Here’s a .22LR bullet that went through my paper target at 50 yards and then somehow ricocheted back to hit me on the forehead. (It then bounced onto the bench in front of me, leaving me scratched and bewildered, but nothing more serious.)
I’m well aware that bullets can do surprising things, and I’ve even researched some of them in depth. I’ve seen videos of people supposedly getting hit by ricochets of their own bullets fired into conventional backstops, but this is the first time I can offer a first-hand account of such an event.
I was doing more precision testing with a rifle in my machine rest, which meant that I was firing tight five-round groups very quickly. The last shot in one group made an unusual impact sound in the earthen berm behind the target, and as I lifted my head from the scope I heard a snap in the trees to my left and then something like a small pebble hit me in the forehead hard.
I was alone on a private range, and as I rubbed my head feeling for blood or a welt (and finding neither), I saw this slug on the bench in front of my machine rest. It was too hot to hold, so I set it aside while I finished shooting my test plan. After photographing it back in my shop I weighed it at 40.7gr, so if it shed any lead during its trip it appears to have made up for it by catching dirt in its crevices.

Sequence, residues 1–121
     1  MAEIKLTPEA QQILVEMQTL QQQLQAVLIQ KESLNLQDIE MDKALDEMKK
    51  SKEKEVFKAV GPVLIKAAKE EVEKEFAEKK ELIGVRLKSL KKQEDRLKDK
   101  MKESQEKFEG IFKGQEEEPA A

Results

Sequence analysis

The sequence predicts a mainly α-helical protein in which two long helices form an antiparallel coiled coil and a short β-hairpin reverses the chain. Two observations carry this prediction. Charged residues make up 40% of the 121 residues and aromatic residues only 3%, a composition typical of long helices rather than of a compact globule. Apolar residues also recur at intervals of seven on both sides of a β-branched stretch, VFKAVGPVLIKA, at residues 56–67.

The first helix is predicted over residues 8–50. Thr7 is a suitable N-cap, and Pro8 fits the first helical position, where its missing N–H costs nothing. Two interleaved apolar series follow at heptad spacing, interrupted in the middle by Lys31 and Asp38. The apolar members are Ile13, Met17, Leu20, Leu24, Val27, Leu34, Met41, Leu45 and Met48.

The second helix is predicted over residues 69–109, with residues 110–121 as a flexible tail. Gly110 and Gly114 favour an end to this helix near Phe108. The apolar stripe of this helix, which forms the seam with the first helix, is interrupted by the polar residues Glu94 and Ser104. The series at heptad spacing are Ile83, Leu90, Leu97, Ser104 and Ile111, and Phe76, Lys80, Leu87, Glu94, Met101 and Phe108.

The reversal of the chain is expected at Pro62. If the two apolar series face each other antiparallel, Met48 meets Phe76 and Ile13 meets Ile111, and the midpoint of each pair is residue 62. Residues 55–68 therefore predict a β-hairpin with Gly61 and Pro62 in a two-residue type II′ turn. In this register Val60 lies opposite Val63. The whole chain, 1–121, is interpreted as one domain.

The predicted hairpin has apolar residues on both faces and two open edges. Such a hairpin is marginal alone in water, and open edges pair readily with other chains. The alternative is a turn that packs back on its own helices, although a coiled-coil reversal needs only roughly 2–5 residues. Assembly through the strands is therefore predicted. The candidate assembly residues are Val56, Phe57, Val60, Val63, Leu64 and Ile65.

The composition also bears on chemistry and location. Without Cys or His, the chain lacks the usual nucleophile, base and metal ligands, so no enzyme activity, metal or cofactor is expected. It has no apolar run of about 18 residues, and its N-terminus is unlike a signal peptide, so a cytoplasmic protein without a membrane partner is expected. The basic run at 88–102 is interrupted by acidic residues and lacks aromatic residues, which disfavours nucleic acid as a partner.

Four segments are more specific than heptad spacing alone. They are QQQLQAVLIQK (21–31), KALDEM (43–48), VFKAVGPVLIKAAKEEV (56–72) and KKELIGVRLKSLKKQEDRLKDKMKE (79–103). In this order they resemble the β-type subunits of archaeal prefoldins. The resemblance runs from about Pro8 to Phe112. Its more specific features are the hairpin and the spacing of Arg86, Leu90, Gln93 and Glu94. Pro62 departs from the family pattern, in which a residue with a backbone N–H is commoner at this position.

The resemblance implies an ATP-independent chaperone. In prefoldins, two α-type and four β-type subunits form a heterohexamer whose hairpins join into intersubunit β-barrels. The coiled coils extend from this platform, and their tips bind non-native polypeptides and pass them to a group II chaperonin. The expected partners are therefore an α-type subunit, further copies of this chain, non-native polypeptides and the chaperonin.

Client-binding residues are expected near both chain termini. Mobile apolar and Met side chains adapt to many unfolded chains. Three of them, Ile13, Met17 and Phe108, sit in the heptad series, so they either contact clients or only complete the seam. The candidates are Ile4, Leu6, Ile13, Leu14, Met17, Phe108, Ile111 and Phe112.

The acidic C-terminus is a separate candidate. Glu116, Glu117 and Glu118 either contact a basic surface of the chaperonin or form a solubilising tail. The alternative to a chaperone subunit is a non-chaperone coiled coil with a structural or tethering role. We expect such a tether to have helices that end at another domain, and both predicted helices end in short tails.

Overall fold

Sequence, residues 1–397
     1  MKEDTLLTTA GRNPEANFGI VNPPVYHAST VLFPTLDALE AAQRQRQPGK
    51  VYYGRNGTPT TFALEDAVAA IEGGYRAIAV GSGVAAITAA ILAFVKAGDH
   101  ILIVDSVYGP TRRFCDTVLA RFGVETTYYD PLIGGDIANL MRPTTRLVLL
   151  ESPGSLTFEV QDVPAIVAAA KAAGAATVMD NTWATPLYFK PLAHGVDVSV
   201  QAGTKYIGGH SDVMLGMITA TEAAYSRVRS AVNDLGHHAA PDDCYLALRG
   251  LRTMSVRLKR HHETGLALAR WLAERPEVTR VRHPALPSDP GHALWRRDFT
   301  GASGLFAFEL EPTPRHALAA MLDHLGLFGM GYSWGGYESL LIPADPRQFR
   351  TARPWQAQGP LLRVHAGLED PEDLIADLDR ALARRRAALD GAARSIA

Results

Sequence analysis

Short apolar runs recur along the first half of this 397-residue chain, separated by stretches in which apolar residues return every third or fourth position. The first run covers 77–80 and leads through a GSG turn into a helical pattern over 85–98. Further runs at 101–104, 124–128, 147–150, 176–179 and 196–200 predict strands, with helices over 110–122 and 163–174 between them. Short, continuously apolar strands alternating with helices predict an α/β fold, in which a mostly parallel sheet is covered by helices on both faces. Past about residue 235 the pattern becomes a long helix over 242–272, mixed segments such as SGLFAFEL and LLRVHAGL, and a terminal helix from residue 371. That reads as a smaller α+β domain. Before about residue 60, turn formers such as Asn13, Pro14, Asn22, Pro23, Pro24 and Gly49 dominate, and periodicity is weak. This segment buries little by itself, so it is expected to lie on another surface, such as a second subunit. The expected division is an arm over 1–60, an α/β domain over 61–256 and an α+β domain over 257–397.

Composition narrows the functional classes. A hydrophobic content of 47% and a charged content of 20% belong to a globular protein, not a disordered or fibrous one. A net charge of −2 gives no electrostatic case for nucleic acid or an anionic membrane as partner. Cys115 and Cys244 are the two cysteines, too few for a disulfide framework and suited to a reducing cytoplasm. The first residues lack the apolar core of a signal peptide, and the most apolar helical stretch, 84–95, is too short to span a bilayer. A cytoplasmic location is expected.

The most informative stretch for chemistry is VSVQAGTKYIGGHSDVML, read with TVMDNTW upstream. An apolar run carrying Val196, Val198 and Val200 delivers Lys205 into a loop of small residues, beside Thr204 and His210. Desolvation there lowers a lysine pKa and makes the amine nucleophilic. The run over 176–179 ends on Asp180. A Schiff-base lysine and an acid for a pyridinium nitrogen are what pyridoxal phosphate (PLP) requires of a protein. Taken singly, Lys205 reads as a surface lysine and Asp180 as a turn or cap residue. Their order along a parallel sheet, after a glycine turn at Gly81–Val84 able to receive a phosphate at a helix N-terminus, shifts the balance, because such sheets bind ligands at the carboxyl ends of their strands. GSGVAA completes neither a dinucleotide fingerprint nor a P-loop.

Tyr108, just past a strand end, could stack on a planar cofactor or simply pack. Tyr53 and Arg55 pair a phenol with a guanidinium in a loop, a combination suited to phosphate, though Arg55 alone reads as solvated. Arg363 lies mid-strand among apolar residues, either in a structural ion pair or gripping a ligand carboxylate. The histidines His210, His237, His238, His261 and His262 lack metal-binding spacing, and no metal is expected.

Does this story come with a lesson? Well, for one thing, wear eye protection! If this had hit me in an eye it would have produced a serious ocular injury. Another: Unlikely things can happen! I would still say it’s extremely unlikely for an unjacketed, subsonic bullet fired into an earthen berm to ricochet a full 180 degrees and cover another 50+ yards. (And, in that rare event, the bullet would not have enough energy to cause serious injury, unless it hit someone in the eye.) But however unlikely something may seem, just realize there’s probably somebody who’s going to have an astonished look on his face when it eventually does happen. Do what you reasonably can to make that the worst consequence!